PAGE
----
Jerrycan - tank

From Akvopedia
Jump to: navigation, search
English Français Español भारत മലയാളം தமிழ் 한국어 中國 Indonesia Japanese
Applicable in systems:
4, 5
Level of Application
Household XX
Neighbourhood
City

 

Inputs
Urine, Stored Urine


Level of management
Household XX
Shared XX
Public X

 

Outputs
Stored Urine, Urine
Jerrycan tank.png




Icon jerrycan tank.png

Jerrycans are light, plastic containers that are readily available and can be easily carried by one person. When sealed, they can be used to safely store or transport urine.

Urine can be collected in jerrycans or they can be filled with the urine stored in Storage Tanks / Containers (S.1) for transportation to agricultural fields or to a central storage facility. Where urine-diversion systems are common, a micro-enterprise may specialize in the collection and transport of jerrycans, using e.g., bicycles, donkeys, carts or small trucks.

Design Considerations

On average, a person generates about 1.2 L of urine a day; however, this quantity may vary significantly depending on climate and fluid consumption. A family of 5 can be expected to fill a 20 L jerrycan with urine in approximately 3 to 4 days. It can either be stored on site or immediately transported. If the jerrycan is directly connected to the toilet or urinal with a pipe, care should be taken to minimize its length since precipitates will accumulate. Pipes should have a steep slope (> 1%), no sharp angles, and large diameters. They should be easily accessible in case of blockages. Because jerrycans quickly fill up and need to be frequently exchanged or emptied, the use of a large Storage Tank/Container should be considered for primary collection of the urine. The stored urine can then be filled into jerrycans (e.g., using a small pump) and transported to the fields.


Advantages Disadvantages
- Very low capital and operating costs.

- Jerrycans are widely available and robust
- Very low capital and operating costs
- Potential for local job creation and income generation
- Easy to clean and reusable
- Low risk of pathogen transmission

- Heavy to carry
- Spills may happen
- Mild to strong odour when filling and emptying jerrycans (depending on storage conditions)


Appropriateness

A well-sealed jerrycan is an effective way of transporting urine over short distances. It is inexpensive, easy to clean and reusable. This type of transport is only appropriate for areas where the points of generation and use (i.e., homes and fields) are close together, and where relatively small quantities of urine are produced. Otherwise, a more formalized and efficient collection and distribution system is necessary. For compounds or communities with urine-diverting systems, for example, it may be more appropriate to have a large urine storage tank that can be emptied by such means as Motorized Emptying and Transport (C.3). Jerrycans can be used in cold environments (where urine freezes) as long as they are not completely filled. In warmer months the stored urine can be used when it is needed for agriculture.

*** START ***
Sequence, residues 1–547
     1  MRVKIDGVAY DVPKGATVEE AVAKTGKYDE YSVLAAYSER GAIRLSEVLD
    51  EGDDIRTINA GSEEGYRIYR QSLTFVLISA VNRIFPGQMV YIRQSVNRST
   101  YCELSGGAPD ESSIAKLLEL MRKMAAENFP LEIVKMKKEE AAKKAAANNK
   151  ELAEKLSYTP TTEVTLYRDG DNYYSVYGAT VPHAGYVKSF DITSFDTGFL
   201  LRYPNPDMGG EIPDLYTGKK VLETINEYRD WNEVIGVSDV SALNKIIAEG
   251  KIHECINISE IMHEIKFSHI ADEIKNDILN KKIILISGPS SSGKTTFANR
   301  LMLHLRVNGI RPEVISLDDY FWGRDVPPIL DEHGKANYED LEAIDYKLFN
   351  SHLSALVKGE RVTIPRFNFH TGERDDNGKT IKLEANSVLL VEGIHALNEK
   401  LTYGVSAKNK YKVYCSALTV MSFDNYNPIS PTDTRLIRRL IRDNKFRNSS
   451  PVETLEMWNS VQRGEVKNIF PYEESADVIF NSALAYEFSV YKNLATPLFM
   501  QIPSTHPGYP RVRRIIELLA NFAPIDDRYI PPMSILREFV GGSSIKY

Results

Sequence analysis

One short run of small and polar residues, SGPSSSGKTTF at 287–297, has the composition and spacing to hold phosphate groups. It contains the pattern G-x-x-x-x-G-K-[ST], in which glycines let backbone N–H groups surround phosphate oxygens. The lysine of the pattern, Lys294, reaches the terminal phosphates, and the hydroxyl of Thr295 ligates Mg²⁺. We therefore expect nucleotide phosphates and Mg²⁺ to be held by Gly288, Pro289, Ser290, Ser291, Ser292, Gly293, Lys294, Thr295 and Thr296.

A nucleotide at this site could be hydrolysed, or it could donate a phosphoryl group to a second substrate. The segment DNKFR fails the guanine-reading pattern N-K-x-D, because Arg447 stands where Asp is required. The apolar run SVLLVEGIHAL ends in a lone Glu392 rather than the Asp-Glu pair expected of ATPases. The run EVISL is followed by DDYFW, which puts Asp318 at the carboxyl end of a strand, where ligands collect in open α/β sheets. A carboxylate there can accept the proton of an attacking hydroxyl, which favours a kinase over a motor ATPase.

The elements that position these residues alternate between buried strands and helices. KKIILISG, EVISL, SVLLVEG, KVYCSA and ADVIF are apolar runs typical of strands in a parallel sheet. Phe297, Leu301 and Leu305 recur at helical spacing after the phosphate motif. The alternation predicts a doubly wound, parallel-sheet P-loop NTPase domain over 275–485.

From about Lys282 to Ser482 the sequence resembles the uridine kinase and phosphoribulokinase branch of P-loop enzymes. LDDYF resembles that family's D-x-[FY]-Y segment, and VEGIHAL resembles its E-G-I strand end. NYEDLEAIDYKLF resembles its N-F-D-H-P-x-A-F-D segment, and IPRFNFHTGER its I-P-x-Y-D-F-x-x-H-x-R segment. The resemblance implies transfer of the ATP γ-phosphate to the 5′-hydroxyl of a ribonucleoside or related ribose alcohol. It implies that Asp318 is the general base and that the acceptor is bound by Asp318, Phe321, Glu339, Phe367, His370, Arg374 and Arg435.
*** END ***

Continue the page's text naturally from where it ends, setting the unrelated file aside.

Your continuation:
Health Aspects/Acceptance

The people who exchange or empty jerrycans incur low health risks because urine is normally sterile. Carrying jerrycans also poses little health risk as they seal very well. While carrying a jerrycan may not be the most pleasant activity, it is likely to be more convenient and less costly than emptying a pit.

In some locations, urine has an economic value and it may be collected from households for free. Families who invest the time to transport and use their own urine may be rewarded with increased agricultural production, improving their nutrition and/or increasing their income.

Operation & Maintenance

To minimize bacterial growth, sludge accumulation and unpleasant odours, jerrycans should be frequently washed. Because of safety concerns and transportation difficulties, no other liquids (such as blackwater or greywater) should be transported in jerrycans.

Upgrading

If urine is viewed as a commodity, locally run businesses may collect and transport it for free or for a small fee.

References

  • von Münch, E. and Winker, M. (2011). Technology Review of Urine Diversion Components. Overview of Urine Diversion Components Such as Waterless Urinals, Urine Diversion Toilets, Urine Storage and Reuse Systems. Gesellschaft für Internationale Zusammenarbeit (GIZ) GmbH, Eschborn, DE.
Available at: susana.org/library
  • Richert, A., Gensch, R., Jönsson, H., Stenström, T. A., and Dagerskog, L. (2010). Practical Guidance on the Use of Urine in Crop Production. EcoSanRes, Stockholm Environment Institute, Stockholm, SE.
Available at: susana.org/library
  • Rieck, C., von Münch, E. and Hoffmann, H. (2012). Technology Review of Urine-Diverting Dry Toilets (UDDTs). Overview of Design, Operation, Management and Costs. Deutsche Gesellschaft für Internationale Zusammenarbeit (GIZ) GmbH, Eschborn, DE.
Available at: susana.org/library
  • WHO (2006). Guidelines for the Safe Use of Wastewater, Excreta and Greywater. Volume 4: Excreta and Greywater Use in Agriculture. World Health Organization, Geneva, CH.
Available at: who.int

Acknowledgements

Eawag compendium cover.png

The material on this page was adapted from:

Elizabeth Tilley, Lukas Ulrich, Christoph Lüthi, Philippe Reymond and Christian Zurbrügg (2014). Compendium of Sanitation Systems and Technologies, published by Sandec, the Department of Water and Sanitation in Developing Countries of Eawag, the Swiss Federal Institute of Aquatic Science and Technology, Dübendorf, Switzerland.

The 2nd edition publication is available in English. French and Spanish are yet to come.